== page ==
I remember a few years ago I had the goal of capturing our school sports day so that parents could be part of it from beyond our school field.  At the end of the day, I had a large number of videos and photos that were taken and shared… then I realized that I watched most of sports day through a screen.  I missed the giggles, the cheers, the teamwork, and the playful moments that occurred outside the small screen I spent most of my day looking through.  Did some parents appreciate it?  Absolutely. But I had lost sight of what sports day was all about and felt I missed being there.  I could have captured a few shots with the camera and posted the odd photo; instead I buried myself in the camera app (and share) to the point that I feel I missed a good chunk of that sports day.

I am not saying we put the devices away all day nor am I saying we never capture and share.  I just know from my experience, that I have sometimes gone too far and lost sight of the goal of just being there… in that moment.

The title of the ad, “Misunderstood”, is a powerful one in that I agree we do need to be less critical THAT devices are being used and more reflective in HOW and WHY the devices are being used.  The boy’s purpose of the phone’s use in the ad was clearly a positive one.  My purpose on that sports day was a positive one. For me, though, the real question is: does the capturing of the moment enhance or take away from the moment?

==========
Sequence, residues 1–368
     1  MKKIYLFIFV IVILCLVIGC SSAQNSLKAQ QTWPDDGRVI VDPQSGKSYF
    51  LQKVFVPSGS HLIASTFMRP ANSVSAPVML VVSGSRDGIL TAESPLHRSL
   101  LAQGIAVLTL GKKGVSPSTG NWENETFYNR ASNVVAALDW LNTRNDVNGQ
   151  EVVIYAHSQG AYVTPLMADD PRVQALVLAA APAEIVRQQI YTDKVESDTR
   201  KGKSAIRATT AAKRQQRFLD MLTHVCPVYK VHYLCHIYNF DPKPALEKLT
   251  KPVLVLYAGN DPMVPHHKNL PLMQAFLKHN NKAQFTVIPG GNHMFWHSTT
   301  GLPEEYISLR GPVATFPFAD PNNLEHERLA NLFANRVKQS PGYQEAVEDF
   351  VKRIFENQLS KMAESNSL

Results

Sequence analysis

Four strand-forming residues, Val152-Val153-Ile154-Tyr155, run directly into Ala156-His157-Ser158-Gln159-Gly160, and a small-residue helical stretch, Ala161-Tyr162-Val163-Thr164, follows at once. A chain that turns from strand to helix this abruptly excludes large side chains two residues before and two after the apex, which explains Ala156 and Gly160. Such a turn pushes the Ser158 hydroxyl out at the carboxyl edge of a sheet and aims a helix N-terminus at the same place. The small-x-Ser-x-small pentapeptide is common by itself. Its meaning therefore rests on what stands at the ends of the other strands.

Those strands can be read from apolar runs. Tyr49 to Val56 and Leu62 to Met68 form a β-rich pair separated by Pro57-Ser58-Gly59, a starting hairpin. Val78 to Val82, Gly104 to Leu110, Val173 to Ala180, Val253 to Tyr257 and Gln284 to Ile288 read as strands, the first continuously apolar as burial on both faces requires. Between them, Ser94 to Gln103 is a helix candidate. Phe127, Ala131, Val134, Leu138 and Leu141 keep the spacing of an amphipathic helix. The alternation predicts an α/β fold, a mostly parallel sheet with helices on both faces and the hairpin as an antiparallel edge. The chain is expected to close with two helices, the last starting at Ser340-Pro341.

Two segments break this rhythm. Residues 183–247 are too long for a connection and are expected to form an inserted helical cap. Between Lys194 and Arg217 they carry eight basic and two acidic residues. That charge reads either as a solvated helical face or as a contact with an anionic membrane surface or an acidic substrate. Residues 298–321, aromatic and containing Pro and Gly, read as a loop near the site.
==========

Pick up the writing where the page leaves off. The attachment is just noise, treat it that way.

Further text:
For the ad, it is a fictional story so there really is no context to discuss; however, it is a great opportunity for us to reflect in our own lives as adults and with our kids about when is the time to put put the device away and just… simply… enjoy… the moment.

I’m still struggling with figuring out this new journey of capture and share… not a lot of answers but a whole of questions.

@chriswejr

7

Be There… Really?

Be there.  Two simple words that are so powerful.  Posts by Connected Principals colleagues Lyn Hilt and Dave Meister got me thinking about this once again.  With so many distractions in our lives (for me – Twitter, Facebook, YouTube, Email, SMS, etc), it becomes that much more important to be in the moment, to be there.

Although the following video is a commercial for a cell phone, it is a good, humourous reminder to be there for the moments – and not let them pass by.  Next time you catch yourself missing out on a moment, be there.  Really?  Absolutely.

Enjoy ALL the moments with friends and family this holiday season.